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Health Test Kits Get Big

Health Test Kits Get Big

I first saw health kits during a store tour of Ukrop’s Super Markets in Richmond, Va. Bobby Ukrop, the CEO, told me the chain was going to start offering five genetic testing kits, which would indicate a person’s predisposition to heart disease, diabetes and similar conditions.

That was 5 years ago — a lifetime in the field of medical technology (and the supermarket business, too. Ukrop’s has been sold to Ahold's Giant-Carlisle). I don’t know if they’re still offering the kits, but plenty of retailers have implemented such services through their pharmacies and wellness centers. These exams, for a fee that averages around $100, are sent off to independent labs for processing, and the results are meant to be discussed with a physician or someone versed in wellness, like a pharmacist.

box.jpgThe key to these tests is that they are not a diagnosis or even a prediction. “But they are results that can be modified through diet or lifestyle changes,” is what Bobby Ukrop told me back then. The same is true today.

These kinds of test kits will likely get a big leg up in the coming year as NBC’s hit series, “The Biggest Loser”, prepares to use a new health risk assessment tool that identifies the contestant’s disease risk, as well as their “internal age,” life expectancy and estimated preventable medical expenses.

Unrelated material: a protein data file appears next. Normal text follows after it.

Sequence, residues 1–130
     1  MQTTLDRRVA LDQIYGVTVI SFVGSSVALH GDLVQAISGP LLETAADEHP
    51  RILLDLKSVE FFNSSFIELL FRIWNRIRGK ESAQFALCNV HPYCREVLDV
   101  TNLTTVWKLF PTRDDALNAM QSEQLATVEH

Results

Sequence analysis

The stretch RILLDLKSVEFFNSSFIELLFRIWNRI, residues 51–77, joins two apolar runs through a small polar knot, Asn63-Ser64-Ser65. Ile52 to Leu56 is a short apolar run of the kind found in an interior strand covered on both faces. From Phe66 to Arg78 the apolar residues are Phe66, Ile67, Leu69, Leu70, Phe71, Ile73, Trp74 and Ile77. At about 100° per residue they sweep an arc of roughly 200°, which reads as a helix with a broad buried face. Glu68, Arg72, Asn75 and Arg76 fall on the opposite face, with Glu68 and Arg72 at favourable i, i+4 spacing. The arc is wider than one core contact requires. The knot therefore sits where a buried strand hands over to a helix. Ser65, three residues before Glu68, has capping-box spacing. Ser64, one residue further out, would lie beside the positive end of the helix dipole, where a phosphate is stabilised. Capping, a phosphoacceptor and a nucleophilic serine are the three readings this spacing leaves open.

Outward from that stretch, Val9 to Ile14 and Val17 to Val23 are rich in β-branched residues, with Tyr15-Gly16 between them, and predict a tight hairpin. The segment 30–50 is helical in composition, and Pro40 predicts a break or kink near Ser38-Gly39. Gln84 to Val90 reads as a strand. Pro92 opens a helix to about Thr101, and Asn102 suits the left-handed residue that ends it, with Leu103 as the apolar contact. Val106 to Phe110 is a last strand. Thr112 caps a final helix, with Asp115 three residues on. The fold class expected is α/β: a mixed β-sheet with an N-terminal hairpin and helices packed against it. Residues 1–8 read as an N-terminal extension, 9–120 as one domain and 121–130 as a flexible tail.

On Tues., January 12, contestants will be given their “HealthScore” number by the show’s medical advisor, Dr. Robert Huizenga. In addition to revealing the risk of disease, the test — developed by BioSignia, a Durham, N.C.-based biotechnology company — will also indicate how many years of life contestants can recover if they make healthy lifestyle changes.

The tests, which evaluate weight, blood pressure, family history, lifestyle habits and key blood values, will be used several times during the series, and will also be made available to consumers for about $90. That’s where supermarket retailers might want to take a look at their own offerings (if they have them), and consider making a bigger deal out of promoting them.

Those who don’t might end up being (yep, gotta say it) a big loser.